For many people living in marginalized neighborhoods in the U.S., it’s a long trek to a store with a decent produce department. Instead of making a salad or steaming veggies, they wind up making do with nearby fast food or junk food.
A lot of terminology has popped up around this lack of access to fresh food. Food desert is the most common, which the USDA defines as “urban neighborhoods and rural towns without ready access to fresh, healthy and affordable food.” On the other hand, a food swamp refers to an area full of fast food but with nary a juice or salad bar in sight.
Different organizations have different estimates, but probably at least 20 million people in the U.S. live in food deserts. Since the people who live in these food deserts and swamps are disproportionately Black or other minorities, access to healthy foods is also a racial issue.
Health consequences of food deserts
The idea of “you are what you eat” takes on a frightening aspect in a food desert or swamp. Because if our body is made up of Big Macs and dollar store snacks, we’re headed down the road to health problems big and small. Racial and ethnic minorities in the U.S. have higher rates of diabetes, obesity, asthma, high blood pressure and heart disease, according to the CDC.
Ironically, migrant workers are especially hard hit by food disparities. While they make up about 73% of the agricultural workforce, they usually lack access to the healthful fruits of their labor.
Where did the supermarkets go?
As suburbs expanded in the latter half of the 20th century, many supermarket chains followed white flight from urban areas. Suburbs had the reputation of being clean and safe, with plenty of space for massive parking lots. In the last decades of the 1900s, stores merged, consolidating the grocery industry and resulting in fewer locations.
Supermarket chains “have a demographic location profile that prioritizes communities that are not low income and not African American,” said Stacy Mitchell, co-director of the Institute for Local Self-Reliance, as reported in CNN. “The outcome has a racial bias.”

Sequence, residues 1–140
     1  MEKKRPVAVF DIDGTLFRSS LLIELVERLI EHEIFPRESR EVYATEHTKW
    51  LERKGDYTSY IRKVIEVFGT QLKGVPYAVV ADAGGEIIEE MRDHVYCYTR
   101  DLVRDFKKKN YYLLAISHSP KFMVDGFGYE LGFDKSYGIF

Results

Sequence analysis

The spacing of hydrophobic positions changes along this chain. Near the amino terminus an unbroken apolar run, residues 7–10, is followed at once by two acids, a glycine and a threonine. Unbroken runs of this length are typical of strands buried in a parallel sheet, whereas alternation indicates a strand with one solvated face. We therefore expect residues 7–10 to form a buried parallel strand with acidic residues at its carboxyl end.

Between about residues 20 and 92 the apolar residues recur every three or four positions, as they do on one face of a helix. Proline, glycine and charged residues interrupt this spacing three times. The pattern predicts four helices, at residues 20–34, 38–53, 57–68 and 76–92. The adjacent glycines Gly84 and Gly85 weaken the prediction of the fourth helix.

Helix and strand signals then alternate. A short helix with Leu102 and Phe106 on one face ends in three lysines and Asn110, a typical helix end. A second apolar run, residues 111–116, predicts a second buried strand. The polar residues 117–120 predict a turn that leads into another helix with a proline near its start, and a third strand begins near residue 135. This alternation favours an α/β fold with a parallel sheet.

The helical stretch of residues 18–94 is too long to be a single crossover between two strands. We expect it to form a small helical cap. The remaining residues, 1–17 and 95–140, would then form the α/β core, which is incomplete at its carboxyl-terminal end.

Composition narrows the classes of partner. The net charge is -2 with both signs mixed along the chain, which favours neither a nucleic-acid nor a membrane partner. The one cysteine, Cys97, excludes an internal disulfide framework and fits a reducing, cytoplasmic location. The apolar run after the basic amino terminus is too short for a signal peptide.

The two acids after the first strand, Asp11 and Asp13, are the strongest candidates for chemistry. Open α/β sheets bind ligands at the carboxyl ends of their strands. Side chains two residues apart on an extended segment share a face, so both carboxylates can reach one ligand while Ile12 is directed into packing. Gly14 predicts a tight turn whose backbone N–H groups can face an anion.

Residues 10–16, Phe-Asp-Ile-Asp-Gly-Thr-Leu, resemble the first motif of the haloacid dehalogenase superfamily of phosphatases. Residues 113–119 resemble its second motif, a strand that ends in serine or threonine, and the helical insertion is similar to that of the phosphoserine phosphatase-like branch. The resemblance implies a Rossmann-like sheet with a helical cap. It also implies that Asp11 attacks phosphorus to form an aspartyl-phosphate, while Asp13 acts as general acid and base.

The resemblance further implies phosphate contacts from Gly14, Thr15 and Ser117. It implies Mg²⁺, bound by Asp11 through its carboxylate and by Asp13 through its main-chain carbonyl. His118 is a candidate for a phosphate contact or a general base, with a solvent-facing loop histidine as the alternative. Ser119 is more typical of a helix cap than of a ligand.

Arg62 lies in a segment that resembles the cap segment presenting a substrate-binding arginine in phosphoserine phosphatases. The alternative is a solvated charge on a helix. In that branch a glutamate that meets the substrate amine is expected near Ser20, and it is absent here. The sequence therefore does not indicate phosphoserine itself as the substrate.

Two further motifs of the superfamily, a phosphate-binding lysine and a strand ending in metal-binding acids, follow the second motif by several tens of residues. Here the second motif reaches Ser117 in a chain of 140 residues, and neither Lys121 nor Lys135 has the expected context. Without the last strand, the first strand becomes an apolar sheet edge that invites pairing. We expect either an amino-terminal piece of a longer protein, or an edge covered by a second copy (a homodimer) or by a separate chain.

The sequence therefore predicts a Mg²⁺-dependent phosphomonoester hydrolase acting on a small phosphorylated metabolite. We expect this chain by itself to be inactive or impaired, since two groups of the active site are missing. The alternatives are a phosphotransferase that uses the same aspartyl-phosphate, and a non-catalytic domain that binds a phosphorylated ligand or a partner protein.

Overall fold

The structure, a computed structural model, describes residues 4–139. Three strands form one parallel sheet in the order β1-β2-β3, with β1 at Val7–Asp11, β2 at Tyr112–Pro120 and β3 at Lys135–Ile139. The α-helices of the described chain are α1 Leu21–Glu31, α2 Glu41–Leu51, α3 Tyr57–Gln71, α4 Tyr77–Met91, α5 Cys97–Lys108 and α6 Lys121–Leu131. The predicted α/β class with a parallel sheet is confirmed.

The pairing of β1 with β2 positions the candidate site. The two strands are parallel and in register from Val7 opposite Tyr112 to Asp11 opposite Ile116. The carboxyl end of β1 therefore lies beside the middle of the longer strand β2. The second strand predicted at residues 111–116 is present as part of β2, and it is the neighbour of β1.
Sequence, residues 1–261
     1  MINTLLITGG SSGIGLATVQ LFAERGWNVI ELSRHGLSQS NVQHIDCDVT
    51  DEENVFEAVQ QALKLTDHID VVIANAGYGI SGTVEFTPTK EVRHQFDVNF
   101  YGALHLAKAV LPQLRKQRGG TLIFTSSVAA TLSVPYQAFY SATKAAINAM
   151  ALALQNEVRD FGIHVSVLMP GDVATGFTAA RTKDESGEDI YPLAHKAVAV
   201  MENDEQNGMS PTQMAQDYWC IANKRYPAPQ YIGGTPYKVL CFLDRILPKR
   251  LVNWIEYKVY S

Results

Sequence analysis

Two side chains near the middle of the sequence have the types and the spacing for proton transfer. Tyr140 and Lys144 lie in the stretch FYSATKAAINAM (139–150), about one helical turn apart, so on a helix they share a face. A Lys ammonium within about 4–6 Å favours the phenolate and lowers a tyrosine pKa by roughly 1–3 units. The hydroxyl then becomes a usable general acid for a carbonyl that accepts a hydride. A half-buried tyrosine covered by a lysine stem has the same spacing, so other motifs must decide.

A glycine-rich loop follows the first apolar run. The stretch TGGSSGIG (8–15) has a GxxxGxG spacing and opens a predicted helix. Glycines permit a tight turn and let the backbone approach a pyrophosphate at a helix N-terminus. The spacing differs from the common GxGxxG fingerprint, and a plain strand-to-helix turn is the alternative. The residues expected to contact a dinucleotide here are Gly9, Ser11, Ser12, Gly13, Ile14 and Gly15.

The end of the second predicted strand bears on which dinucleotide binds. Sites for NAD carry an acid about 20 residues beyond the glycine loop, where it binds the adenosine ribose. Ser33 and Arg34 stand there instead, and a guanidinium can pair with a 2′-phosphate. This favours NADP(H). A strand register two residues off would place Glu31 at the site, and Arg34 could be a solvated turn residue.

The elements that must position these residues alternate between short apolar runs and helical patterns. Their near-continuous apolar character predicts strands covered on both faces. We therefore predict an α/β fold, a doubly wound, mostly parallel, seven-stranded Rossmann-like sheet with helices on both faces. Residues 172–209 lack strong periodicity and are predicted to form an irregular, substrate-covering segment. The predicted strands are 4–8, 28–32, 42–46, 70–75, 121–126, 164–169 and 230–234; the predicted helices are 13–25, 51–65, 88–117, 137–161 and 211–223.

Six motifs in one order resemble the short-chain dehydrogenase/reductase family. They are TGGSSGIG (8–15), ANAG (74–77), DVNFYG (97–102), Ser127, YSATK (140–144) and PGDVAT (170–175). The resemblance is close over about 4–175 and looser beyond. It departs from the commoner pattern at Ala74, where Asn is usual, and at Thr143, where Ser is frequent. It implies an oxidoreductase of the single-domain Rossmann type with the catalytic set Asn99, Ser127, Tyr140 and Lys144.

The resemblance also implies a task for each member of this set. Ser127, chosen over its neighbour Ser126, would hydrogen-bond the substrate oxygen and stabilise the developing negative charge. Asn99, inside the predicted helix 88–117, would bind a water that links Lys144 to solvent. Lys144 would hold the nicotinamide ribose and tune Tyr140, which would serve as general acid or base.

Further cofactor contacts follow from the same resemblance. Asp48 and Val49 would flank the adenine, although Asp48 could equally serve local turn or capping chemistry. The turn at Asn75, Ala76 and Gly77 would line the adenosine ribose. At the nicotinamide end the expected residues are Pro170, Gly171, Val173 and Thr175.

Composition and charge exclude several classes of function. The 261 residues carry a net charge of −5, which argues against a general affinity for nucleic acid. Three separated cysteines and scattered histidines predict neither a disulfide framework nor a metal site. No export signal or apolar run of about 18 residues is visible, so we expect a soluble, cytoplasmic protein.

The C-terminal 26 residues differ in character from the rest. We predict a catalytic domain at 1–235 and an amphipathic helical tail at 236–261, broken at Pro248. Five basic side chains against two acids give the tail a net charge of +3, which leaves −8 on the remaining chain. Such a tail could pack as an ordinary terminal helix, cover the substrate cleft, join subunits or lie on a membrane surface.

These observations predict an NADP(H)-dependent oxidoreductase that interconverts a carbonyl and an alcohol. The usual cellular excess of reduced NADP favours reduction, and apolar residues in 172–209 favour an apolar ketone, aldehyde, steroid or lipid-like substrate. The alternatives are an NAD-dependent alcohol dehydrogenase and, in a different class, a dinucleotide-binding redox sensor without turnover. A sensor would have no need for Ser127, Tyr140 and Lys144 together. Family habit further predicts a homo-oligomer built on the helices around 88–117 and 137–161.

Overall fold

Many neighborhoods and cities have appealed to grocery chains to locate in less affluent areas. Michael Nutter, who served on the city council before being mayor of Philadelphia, spent years trying to entice retailers to open in a mostly Black area of the city. He was turned down, despite offering tax incentives.
“We went to virtually every national grocery retailer in our region,” Nutter said, as reported in CNN. “White people don’t think Black people spend money, and they weren’t willing to invest in predominately Black neighborhoods.” Eventually ShopRite agreed to open a store there in 2007.
A 2016 CNN Business study looked at the 50 largest metro areas in the U.S. It concluded that about 17.7% of mostly Black neighborhoods had limited grocery access, compared to only 7.6% of predominantly white neighborhoods.
Mixed messages for grocers
Zoning and real estate deals are complicated, and matters aren’t always as simple as good people versus racists. For example, Trader Joe’s almost opened a store on a blighted vacant lot in a historically Black neighborhood of Portland, Oregon. While many local residents were thrilled about having access to reasonably priced groceries from a major chain, others worried that Trader Joe’s would accelerate a strong gentrification trend. A civil rights group wanted many guarantees from the grocer about economic development in the area and presented a list of demands. After drawn-out controversy in the press, Trader Joe’s eventually pulled out.
“We run neighborhood stores and our approach is simple: if a neighborhood does not want a Trader Joe’s, we understand, and we won’t open the store in question,” the grocer said in a statement.
What can be done?
Like it or not, the U.S. is a capitalist society. If a grocery chain doesn’t think it can make money in a certain neighborhood, it won’t open a store there.
So what’s the alternative? Geographer and writer Aria Dailee wrote an excellent article for Medium about what could be done to help people living in food deserts. Dailee suggests that coops, nonprofit or government-run supermarkets are a possible alternative to established grocers. For example, the Baldwin Market in Northeast Florida is run by the town of Baldwin, and all the store employees are on the municipal payroll.
“We’re not trying to make a profit,” Mayor Sean Lynch told the Washington Post. “We’re trying to cover our expenses, and keep the store running. Any money that’s made after that will go into the town in some way.”
Another option on the municipal level is to put restrictions on dollar stores opening in poor neighborhoods. Cities such as New Orleans, Atlanta, Oklahoma City, Birmingham and Cleveland are all trying to squash the spread of dollar stores in food deserts. These stores set up shop in poor neighborhoods, directly competing with grocers without providing much in the way of fresh food.
In her Medium article, Dailee also mentioned the brilliant idea of bus stop farmers markets. Busy people commuting by bus or train can easily buy healthy food on their way home if fruits and vegetables await them at public transportation hubs. Many farmers markets take food stamps. Tampa, Atlanta and Dayton have already opened bus stop farmers markets.
Those who are really determined to be self-sufficient can grow their own vegetables. Many low-income people lack their own yard, but might be able to get a plot at a community garden. Many cities, including Baltimore, Milwaukee and Harrisburg, Pennsylvania, have purposely placed community gardens in food deserts, letting residents grow their own fresh food.
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